? Eric Hoffer

    1. That is an excellent quote; may take home for the day, thank you.

      1. Just buy a copy of The True Believer. It’s worth it.

        1. Will do, thanks.

  12. Antioch Community Church’s communications director pointed me toward the church’s website under “beliefs,” where it states, “Marriage is the uniting of one man and one woman in covenant commitment for a lifetime.”

    I can’t believe that in this day and age, anyone would be so narrow-minded and bigoted to believe that marriage is only to be entered into for a lifetime.

    1. A covenant commitment states what’s intended, not what’s predicted.

      AFAIK, most couples getting married intend for it to last “as long as we both shall live.” And the marriage license people seem to agree. At least I haven’t seen any “valid for 10 years” licenses.

  13. HGTV=”homo gay television” right?

    Poor business decision to hire them if nothing else.

    But seriously, it is rather perverse that pretty normal, mainstream beliefs (even if they are becoming minority beliefs) are being tarred as beyond what should be socially acceptable by certain media segments and social activists.

    1. It’s especially galling to me when this approach is adopted by people who were on record as being opposed to gay marriage as recently as 2012.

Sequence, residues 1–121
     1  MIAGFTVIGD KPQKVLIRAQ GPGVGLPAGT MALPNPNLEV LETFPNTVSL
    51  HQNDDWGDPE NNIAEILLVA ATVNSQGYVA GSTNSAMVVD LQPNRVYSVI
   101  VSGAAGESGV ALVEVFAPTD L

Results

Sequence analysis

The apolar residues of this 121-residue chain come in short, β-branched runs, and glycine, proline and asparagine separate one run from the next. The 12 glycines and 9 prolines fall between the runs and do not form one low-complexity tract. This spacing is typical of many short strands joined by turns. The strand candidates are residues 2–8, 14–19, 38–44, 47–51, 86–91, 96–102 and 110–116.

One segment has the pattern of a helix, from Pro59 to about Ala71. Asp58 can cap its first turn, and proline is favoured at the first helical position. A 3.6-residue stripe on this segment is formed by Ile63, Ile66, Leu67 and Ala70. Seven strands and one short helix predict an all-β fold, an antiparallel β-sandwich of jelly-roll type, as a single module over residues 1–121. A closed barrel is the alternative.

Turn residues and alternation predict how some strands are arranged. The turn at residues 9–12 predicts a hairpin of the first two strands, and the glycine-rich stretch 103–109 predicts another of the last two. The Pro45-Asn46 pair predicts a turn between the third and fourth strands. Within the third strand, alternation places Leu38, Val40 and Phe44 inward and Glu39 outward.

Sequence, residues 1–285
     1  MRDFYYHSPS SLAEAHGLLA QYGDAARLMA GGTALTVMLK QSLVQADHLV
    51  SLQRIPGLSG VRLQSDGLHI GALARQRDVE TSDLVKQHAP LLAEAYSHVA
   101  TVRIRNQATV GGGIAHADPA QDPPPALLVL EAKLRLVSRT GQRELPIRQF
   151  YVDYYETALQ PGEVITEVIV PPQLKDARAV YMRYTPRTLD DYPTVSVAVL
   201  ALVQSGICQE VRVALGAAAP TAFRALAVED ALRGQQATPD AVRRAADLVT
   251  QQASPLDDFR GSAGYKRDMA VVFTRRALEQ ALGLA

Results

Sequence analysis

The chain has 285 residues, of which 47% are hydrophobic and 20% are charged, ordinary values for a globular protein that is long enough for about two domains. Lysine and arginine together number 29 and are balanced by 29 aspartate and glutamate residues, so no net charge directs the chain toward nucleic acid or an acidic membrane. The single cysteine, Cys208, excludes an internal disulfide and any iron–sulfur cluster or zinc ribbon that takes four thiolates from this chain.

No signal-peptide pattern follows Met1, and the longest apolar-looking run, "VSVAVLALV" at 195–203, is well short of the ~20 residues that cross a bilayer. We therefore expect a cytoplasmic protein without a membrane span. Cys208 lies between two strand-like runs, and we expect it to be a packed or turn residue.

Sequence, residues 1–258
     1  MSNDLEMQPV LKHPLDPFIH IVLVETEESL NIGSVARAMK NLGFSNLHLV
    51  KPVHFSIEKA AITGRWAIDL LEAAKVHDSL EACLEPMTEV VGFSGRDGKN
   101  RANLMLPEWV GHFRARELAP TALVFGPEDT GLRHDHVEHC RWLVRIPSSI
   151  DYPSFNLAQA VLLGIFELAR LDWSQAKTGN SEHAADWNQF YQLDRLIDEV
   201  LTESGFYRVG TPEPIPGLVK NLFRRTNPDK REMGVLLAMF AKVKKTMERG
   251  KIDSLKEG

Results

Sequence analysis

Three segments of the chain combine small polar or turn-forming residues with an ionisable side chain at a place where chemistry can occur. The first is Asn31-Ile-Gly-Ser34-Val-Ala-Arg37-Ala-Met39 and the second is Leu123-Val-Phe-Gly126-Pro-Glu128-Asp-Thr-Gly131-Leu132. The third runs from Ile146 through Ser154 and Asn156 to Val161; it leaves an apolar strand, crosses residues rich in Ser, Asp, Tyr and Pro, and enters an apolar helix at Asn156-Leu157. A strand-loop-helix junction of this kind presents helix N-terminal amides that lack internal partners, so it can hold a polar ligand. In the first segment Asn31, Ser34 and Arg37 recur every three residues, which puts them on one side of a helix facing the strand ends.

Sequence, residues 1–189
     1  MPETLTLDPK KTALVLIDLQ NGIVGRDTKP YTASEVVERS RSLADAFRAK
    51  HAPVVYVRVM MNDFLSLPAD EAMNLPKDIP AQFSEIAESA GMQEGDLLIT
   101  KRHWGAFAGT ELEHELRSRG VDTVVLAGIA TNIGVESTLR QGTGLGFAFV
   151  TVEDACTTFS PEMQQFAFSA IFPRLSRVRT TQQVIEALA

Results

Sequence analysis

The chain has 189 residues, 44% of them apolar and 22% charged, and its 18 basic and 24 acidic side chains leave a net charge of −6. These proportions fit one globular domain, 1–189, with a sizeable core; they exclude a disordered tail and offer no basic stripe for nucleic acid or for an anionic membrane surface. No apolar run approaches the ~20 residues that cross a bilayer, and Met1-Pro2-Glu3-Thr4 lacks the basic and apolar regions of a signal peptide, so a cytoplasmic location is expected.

1. I was going to mention that too, but the squirrels were fucking with me.

    2. I think their ratings will probably go up as people view watching the show as a way to tell the SJWs to fuck off. Even if it turns out to hurt ratings, it is hard to blame HGTV here. The people apparently had a show that worked. Why should HGTV have quizzed them for possible unacceptable beliefs? Maybe HGTV didn’t care what they thought about issues that have nothing to do with their show?

      1. Yeah, it’s dumb. The show they present has nothing to do with their views on marriage or religion. There is no rational reason why HGTV should give a shit if it doesn’t affect how they do their jobs in a negative way.

        1. I am only capable of being entertained by people who share my exact political opinions on every topic.